Well, the way it worked out – like I said, I wasn’t gonna go and be an on-staff person; I just wanted to own the pre-school, so I kept that director in place, and we just figured a way to make it happen. By that time, I think possibly she had come to the reality of the situation that maybe this was the best type of agreement she should take. You’re not the best person sometimes if you’re the first in line. Sometimes if some deals fall out before you get there, you get the cherry on top, so to speak.
Joe Fairless: Or in your case, you’re the only one still in line.
Heidi Nelson: Mm-hm.
Joe Fairless: Which one makes you more money, the property management or the pre-school?
Heidi Nelson: Well, I take my income from the property management, and that definitely takes more time, but the way I look at the pre-school, the pre-school has become a very strong financial arm, and it does have the ability within the community to have a lot of growth, and I am looking to expand that, but it’s hard to balance everything. I’m one person, I’m still a single mom, although my children are to the age of they’re starting their adulthood now, but I still have to keep some perspective and some balance in life as well.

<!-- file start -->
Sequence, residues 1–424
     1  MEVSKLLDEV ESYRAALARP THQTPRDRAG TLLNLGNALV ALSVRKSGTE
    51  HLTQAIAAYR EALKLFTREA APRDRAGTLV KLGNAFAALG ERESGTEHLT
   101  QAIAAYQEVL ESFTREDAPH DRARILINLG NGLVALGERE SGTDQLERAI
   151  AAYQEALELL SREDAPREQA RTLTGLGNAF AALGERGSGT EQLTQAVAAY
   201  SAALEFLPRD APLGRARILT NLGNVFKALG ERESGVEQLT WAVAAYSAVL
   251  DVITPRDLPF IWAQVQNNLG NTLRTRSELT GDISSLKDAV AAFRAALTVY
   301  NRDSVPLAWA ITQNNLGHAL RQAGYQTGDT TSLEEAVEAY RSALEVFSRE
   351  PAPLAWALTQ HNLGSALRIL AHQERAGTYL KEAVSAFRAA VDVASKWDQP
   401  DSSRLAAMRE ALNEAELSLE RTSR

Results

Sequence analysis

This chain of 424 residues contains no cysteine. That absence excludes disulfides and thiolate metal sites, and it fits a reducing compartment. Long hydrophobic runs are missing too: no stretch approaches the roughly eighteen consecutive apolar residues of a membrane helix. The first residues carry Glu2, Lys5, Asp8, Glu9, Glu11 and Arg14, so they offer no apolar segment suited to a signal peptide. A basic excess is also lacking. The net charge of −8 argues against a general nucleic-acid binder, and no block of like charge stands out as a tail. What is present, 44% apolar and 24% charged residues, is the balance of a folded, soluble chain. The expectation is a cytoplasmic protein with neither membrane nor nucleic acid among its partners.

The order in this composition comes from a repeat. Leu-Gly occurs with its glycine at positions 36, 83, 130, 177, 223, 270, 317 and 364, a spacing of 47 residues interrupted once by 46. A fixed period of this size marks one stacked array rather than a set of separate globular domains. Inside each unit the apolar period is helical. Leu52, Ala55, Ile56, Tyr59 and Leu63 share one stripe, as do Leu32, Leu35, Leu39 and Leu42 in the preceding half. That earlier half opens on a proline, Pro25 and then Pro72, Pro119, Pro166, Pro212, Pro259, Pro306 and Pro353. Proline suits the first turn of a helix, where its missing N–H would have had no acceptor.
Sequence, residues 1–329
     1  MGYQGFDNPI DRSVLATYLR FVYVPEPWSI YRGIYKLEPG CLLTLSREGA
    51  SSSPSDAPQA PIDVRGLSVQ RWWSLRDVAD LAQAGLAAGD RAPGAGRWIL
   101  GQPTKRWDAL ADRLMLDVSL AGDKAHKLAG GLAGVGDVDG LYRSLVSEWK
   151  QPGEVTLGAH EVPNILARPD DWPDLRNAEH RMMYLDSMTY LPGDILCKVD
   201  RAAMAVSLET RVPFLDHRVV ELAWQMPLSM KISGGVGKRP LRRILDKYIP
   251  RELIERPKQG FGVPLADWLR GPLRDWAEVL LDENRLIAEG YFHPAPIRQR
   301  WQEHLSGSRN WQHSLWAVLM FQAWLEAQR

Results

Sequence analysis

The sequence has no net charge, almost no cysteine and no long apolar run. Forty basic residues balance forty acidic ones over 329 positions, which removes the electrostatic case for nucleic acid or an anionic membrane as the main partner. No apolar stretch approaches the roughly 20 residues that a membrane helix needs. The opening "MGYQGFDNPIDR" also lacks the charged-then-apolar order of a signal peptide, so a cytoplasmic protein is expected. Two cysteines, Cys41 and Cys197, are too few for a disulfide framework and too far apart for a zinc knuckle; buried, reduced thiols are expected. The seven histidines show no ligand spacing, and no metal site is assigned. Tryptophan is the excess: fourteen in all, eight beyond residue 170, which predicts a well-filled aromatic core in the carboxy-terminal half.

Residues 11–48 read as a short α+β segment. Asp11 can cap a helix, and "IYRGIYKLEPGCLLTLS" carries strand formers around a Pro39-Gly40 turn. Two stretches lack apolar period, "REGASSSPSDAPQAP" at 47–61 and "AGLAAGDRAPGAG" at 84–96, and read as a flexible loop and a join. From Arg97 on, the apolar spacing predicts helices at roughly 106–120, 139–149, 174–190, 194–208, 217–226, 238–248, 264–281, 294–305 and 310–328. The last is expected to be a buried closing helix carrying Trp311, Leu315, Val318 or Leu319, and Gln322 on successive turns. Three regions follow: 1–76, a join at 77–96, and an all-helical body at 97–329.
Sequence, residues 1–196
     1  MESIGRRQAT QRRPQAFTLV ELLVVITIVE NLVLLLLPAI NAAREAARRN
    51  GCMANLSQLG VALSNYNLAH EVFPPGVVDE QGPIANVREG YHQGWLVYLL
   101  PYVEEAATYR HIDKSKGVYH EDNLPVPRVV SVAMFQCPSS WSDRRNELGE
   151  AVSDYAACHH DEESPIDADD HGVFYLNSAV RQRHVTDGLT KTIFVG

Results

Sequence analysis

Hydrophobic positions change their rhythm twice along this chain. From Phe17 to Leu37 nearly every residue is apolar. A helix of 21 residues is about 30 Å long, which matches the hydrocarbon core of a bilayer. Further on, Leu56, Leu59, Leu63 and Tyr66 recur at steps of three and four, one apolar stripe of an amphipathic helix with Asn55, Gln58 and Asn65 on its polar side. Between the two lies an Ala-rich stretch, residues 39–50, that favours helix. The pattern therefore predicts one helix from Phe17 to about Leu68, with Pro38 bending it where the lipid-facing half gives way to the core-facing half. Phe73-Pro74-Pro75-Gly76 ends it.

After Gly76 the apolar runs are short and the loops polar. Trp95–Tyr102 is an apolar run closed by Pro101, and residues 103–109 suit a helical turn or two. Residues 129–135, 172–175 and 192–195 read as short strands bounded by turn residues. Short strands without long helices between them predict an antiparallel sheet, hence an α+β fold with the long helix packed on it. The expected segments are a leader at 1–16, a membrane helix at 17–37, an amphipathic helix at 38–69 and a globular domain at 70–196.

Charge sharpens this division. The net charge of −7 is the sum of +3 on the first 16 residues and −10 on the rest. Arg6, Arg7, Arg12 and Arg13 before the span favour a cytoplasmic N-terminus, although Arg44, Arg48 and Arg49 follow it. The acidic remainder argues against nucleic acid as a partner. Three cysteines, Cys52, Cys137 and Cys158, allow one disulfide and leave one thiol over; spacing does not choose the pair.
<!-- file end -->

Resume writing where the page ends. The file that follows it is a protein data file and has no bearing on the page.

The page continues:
Joe Fairless: What’s your best real estate investing advice ever?
Heidi Nelson: Oh, boy… The best real estate advice would be solve somebody’s problem, even if that means you have to take a calculated risk. Solve their problem. I have done that over and over with some of the property that I have purchased. The biggest element is solve their problem.
Joe Fairless: We’re gonna do a lightning round. Are you ready for the Best Ever Lightning Round?
Heidi Nelson: I sure hope so. Let’s go.
Joe Fairless: Alright, well I hope you are, too; I think you are. First, a quick word from our Best Ever partners.
Joe Fairless: Best ever book you’ve recently read?
Heidi Nelson: I would have to say the Bible. I use that as my moral compassing guide. I will say though, I did order your book. It hasn’t come yet. [laughs]